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School lunch program could save $103 billion

Last week, Congress passed a last-minute spending bill to keep the government's lights on for the next three months, but they let the Child Nutrition Act expire. While the emergency funding bill covers school lunch, school breakfast and other critical nutrition programs for kids, our nation's students need more than a stopgap approach. Because no matter how you look at it the numbers add up, the science is clear, and history tells us: an investment in our kids' health is a wise and necessary one.

Let's start with the math: One in three of our nation's kids is overweight or obese, and as a country we spend $190 billion a year in medical costs to fight this epidemic. But these costs aren't just incurred by health insurance companies; they're a major burden on taxpayers. The biggest single driver of our national debt is health care spending through Medicare and Medicaid. Research has shown that spending would be much lower for these programs – 8.5 percent and 11.8 percent respectively or $103 billion in 2014 alone – were it not for obesity. This cost will only increase as our nation's "obesity generation" grows up. In 2030, direct medical expenses attributed to diet-related disease will hit an annual cost of $66 billion per year, and the overall loss in economic productivity could be as much as $580 billion annually.

A file photo of a school cafeteria.
Baerbel Schmidt | Getty Images
A file photo of a school cafeteria.

What science tells us about the obesity epidemic is just as worrisome. The research paints an alarming portrait of obesity's effects on a child's health, happiness and human potential. In the near term, an obese child will have fewer friends, miss more days of school and score lower on tests. As she becomes an adult, she will be less likely to go to college, be out sick more at work and under perform in her career. Before her life is over, she can be expected to battle weight-related illnesses – heart disease, diabetes, cancer or all three – and to raise children who themselves face elevated risks of obesity, sending the spiral into another downward turn. Making matters worse,diet-related disease takes a disproportionate toll on low-income children and children of color, erecting another barrier in our nation's fight for equity and opportunity.

Thankfully, recent history demonstrates how we can begin to address the problem. The 2010 version of the Child Nutrition Act, known as the Healthy, Hunger Free Kids Act, was a bipartisan and particularly health-supporting version of the every-five-years bill that funds our nation's school meal programs. It set high standards for school meals around whole grains, fruits, vegetables and proteins, an essential step toward treating our nation's epidemic of diet-related disease for the 31 million children who eat school food. Implementation of these ambitious standards has been challenging, but in districts where they have been met with creativity, resourcefulness and hard work, students have embraced the healthier diet they are being offered. And it's paying off: it appears the obesity epidemic is finally beginning to reverse.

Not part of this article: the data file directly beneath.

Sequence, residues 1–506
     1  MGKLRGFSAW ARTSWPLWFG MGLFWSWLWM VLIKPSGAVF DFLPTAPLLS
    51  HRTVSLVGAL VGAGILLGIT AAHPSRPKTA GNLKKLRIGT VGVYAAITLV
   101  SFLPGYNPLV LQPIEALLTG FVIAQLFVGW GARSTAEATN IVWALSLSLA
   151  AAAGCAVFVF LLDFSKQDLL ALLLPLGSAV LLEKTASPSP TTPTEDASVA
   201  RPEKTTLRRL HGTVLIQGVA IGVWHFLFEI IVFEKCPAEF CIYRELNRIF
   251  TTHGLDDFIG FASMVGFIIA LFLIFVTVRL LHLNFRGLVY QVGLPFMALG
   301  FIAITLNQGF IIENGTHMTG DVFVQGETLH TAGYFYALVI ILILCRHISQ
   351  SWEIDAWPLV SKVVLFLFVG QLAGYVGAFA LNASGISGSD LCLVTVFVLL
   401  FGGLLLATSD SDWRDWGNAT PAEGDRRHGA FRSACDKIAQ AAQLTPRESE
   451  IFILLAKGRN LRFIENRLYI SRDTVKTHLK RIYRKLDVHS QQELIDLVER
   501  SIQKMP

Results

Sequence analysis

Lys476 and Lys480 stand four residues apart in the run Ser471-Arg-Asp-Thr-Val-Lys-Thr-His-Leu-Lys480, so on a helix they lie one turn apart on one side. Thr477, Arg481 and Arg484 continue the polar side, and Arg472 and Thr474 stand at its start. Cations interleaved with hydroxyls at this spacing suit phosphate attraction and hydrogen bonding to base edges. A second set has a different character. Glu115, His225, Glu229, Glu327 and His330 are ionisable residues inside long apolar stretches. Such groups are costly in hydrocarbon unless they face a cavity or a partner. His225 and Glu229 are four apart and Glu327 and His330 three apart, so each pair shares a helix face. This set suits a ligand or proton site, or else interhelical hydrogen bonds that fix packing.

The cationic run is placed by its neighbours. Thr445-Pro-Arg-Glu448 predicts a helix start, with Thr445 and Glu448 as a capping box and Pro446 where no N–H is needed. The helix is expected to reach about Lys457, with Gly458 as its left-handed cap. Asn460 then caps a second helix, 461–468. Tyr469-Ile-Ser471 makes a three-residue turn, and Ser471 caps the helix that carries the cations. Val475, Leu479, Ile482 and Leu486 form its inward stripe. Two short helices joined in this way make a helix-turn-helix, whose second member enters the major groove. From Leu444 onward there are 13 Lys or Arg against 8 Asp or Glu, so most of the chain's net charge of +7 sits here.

The organization I co-founded, FoodCorps, launched alongside the Healthy, Hunger Free Kids Act five years ago. Through hands-on nutrition education in the classroom, gardening and cooking lessons in the schoolyard, and kid-led taste-tests and recipe development in the cafeteria, FoodCorps leaders have partnered with farmers, teachers,parents and food service teams to help some 500 schools become healthier places for kids to eat, learn and grow.

The combination of garden-based education and improved school meals is rooted in a research-backed approach to connecting children to healthy food, known as "farm-to-school." In addition to raising school meal standards across the board, the Healthy, Hunger Free Kids Act also supported farm-to-school grant funding at $5 million a year. Now, with research showing that the farm-to-school approach works and the demand for the program five times greater than Congress originally earmarked, a bipartisan group of U.S. Senators and Representatives has stepped up with a call to increase the program's funding to at least $15 million annually in this year's Child Nutrition Act.

When Congress debates the upcoming Child Nutrition Act, they will decide what our children eat in school for the next five years. Congress' role as our nation's Lunch Lady must be taken seriously. With this vote, our legislators have an opportunity to stand firm and protect the high standards for fruits, vegetables, grains and protein that have made school lunches healthier, and to scale up the funding for farm-to-school initiatives that have gotten millions of kids excited to eat healthy food.

In passing a bipartisan bill that takes another step forward in the fight for healthy kids, Congress has a chance to give voters just what they want; a recent poll by the W.K. Kellogg Foundation showed that 86 percent of Americans want school nutrition standards to be strengthened or maintained, and 88 percent support increased funding for farm-to-school programs. Congress also has a chance to show that they've done their homework and learned a fundamental lesson: healthy food is a building block for health, opportunity and human potential––and every child deserves it.

Curt Ellis is the co-founder and CEO of FoodCorps, a nationwide team of AmeriCorps leaders who connect kids to healthy food in school.

Correction: An earlier version of this OpEd misstated the number of obese kids in America. It is 1 in 3.